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Cross-Pollination: How to Enhance Your Creativity

As a culture, we value productivity. Efficiency. Excellence. Not bad things, in and of themselves. But they come at a cost. And one of the many costs is creativity.


How do we grow our creative muscles in an environment that pushes us toward automation and factory-style productivity? The answer, ironically, is buzzing around outside.

You didn't know you were signing up for botanical lingo, but here we are.


Cross-Pollination (definition): This occurs when pollen from one plant is transferred to a plant of a different variety by a pollinator, resulting in cross-fertilization and outbreeding.


Now, let's translate.


Cross-pollination occurs when one discipline provides an answer for a problem in another.


Think engineering to theater.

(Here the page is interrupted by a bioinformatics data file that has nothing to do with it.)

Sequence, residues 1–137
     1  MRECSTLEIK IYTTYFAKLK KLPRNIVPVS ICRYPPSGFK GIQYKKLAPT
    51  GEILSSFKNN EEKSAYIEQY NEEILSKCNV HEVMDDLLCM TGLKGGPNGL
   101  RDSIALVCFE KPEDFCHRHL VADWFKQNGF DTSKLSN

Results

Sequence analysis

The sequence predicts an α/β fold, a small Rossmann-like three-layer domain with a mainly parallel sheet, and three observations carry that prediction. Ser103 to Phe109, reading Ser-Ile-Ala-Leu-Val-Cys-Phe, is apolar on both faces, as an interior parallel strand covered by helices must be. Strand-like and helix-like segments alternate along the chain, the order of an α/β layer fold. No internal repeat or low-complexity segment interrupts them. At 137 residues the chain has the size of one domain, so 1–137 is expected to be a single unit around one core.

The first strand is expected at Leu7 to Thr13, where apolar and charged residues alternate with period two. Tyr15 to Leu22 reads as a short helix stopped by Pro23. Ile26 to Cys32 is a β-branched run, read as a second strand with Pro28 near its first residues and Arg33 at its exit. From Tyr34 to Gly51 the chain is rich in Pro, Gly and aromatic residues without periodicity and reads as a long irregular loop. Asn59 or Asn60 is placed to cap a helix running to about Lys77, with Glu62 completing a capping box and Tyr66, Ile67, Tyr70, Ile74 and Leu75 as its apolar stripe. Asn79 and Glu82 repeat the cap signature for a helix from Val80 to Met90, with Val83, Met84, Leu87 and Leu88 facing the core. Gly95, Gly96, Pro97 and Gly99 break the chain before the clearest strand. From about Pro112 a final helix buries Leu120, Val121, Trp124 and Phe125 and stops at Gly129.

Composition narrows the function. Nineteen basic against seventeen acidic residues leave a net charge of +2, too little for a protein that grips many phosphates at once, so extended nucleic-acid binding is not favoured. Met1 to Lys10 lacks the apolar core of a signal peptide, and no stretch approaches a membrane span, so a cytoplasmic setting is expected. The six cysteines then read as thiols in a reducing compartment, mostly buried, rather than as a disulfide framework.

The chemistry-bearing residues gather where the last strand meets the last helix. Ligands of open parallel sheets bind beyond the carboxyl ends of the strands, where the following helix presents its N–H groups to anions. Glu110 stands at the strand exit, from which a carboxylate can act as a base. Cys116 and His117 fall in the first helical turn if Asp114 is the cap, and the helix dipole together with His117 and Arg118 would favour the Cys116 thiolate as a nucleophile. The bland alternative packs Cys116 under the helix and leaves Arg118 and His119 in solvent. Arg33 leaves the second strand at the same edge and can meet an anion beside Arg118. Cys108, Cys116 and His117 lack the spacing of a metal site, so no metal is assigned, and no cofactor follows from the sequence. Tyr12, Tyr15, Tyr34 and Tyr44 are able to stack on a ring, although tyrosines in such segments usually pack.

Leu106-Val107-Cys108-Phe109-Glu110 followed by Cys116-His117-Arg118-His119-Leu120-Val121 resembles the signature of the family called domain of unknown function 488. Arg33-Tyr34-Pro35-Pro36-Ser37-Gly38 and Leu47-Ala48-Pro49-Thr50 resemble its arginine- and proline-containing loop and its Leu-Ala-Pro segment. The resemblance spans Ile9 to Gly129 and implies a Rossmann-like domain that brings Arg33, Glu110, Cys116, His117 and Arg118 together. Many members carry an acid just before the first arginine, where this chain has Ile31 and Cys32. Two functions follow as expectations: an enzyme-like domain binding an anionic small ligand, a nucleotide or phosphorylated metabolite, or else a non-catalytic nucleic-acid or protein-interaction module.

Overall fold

Restaurant industry to marketing.

Or strength and conditioning to higher academics.


It's the collision of worlds that occurs by the transfer of ideas.


And contrary to what we value culturally – speed, efficiency, productivity – this process of cross-pollination forces us to slow down. It looks messy. It feels messy. Because it is an exchange. And it means we have to put time into two different worlds.


A quick pause to emphasize the previous point, before we close with a challenge:

You have to put time into two different worlds.


You can't skim. A multi-hour YouTube binge doesn't cut it. You've got to spend enough time in that world to get to know it. I'm not saying it'll take years. Maybe so, if you really love that world. But "time" is definitely more than a day or two.


 

The closing challenge:


If you're creative and feel like you've hit a rut, maybe you're stuck because you've only been in one world. Here's the challenge:

What's another world you could explore?


If you're creative, and you're doing fantastic (no ruts or obstacles in sight), but you want to keep your momentum going, here's the challenge:

What's another world you could explore?


I know. The same challenge. So clever. But I mean it.


Give cross-pollination a go, and see how it plays out over time.

I don't think you'll be disappointed.


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